The thought of converting a traditional fireplace to gas may border on blasphemy for some fireplace purists. You can liken it to vinyl records—as the needle strikes the vinyl, there’s a faint hiss, as though the record player were a hotplate, with music notes sizzling in place of bacon and eggs. Then, a voice, sounding as clear and packed with raw feeling as the day the song was recorded decades ago, begins to emerge. The audio is not just crisp, but also warm and all-encompassing. You can still dust off those old 45s, of course, but why would you when there are comparable, more efficient and convenient products on the market.
A traditional fireplace requires chopping and carrying wood, arranging the logs in the fireplace to build the fire, and cleaning up the ashes. A gas fireplace, on the other hand, requires little more than pushing a button while eliminating the need to clean up ashes. In a world of instant coffees and instant foods, instant flames were sure to follow. We’re here to help you decide which gas heating option is right for you.
Available Gas Fireplace Heating Options
When considering making the switch, you will have three possible options: direct vent gas insert, unvented gas logs (also referred to as either room-vented or vent-free), and vented gas logs. The following chart can help you determine which option is right for you:
($2,000-$4,000) Direct Vent Gas Insert
($100-$1,200) Unvented Gas Logs
($100-$1,200) Vented Gas Logs
Increases heat output: Yes Yes No
Adds excess moisture to your home: No Yes No
Restrictions on recommended length of continuous use: No Yes No
Stops cold drafts: Yes Yes No
Uses only outside air for combustion: Yes No No
Endorsed by the American Lung Association: Yes No No
Legal in all 50 states: Yes No Yes
Of the three, the direct vent gas insert is by far the most energy efficient (not to mention it’s safer, provides more heat, and most closely replicates the experience of wood-burning without the mess). The additional safety features and energy efficiency comes with a greater initial expense. This additional upfront investment will be recouped over time through decreased heating and cooling bills.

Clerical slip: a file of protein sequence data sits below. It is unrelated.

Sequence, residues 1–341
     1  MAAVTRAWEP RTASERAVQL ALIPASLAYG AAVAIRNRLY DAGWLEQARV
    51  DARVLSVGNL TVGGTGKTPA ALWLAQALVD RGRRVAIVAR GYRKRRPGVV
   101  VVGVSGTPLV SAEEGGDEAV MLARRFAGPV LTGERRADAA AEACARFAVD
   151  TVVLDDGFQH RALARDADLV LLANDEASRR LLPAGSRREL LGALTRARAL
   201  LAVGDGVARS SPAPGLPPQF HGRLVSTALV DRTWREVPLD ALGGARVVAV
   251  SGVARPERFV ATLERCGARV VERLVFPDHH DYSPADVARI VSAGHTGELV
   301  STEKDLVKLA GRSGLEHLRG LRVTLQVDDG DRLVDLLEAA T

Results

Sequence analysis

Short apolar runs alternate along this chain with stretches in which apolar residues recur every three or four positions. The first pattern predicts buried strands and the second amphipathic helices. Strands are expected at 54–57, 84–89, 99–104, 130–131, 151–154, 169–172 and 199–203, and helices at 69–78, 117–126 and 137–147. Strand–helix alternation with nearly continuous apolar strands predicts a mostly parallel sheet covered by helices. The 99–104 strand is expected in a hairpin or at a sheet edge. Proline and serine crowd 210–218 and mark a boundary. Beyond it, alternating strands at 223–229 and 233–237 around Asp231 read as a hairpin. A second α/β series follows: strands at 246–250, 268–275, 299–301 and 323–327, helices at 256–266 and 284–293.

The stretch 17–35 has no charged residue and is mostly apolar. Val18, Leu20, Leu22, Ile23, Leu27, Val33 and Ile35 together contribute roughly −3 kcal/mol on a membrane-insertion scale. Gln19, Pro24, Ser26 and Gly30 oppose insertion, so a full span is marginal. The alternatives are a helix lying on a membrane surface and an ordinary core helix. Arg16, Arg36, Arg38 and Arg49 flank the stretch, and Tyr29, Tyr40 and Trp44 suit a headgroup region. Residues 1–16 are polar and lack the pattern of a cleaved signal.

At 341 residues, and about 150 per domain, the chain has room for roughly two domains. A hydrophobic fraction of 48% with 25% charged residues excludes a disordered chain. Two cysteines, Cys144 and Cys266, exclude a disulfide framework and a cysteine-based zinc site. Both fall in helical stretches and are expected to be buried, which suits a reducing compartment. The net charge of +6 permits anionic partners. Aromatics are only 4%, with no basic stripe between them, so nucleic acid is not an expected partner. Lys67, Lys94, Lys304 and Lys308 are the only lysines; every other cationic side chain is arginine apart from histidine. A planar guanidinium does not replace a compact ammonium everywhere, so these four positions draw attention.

Gas Fireplace Considerations
No matter which option you choose, however, there are some important things to consider. Check with your local government to determine the necessary permits, applicable fees, requirements, and restrictions. Remember to have all work involving the actual gas lines themselves done by a licensed professional. Purchase the manufacturer’s recommended log set/insert for your space. Always follow the manufacturer’s scheduled maintenance and inspection recommendations to ensure you get the most out of your investment. Keeping these considerations in mind will help to provide you with the best opportunity to rekindle the love you once had for your fireplace.
Convenience is leading more people to convert wood-burning fireplaces to gas. People are looking to get away from doing the additional work associated with wood-burning fireplaces. They want to make things easier. Gas fireplaces are easy to start, easy to stop, relatively maintenance-free, and because they offer the presence of actual flames, they give you a very convincing wood-burning aesthetic without all the fuss. It’s really the best of both worlds. This conversion will likely provide you with more free time, as it will relieve you of your wood hauling, cutting, stacking, and carrying duties. What will you do with your newfound chunk of time?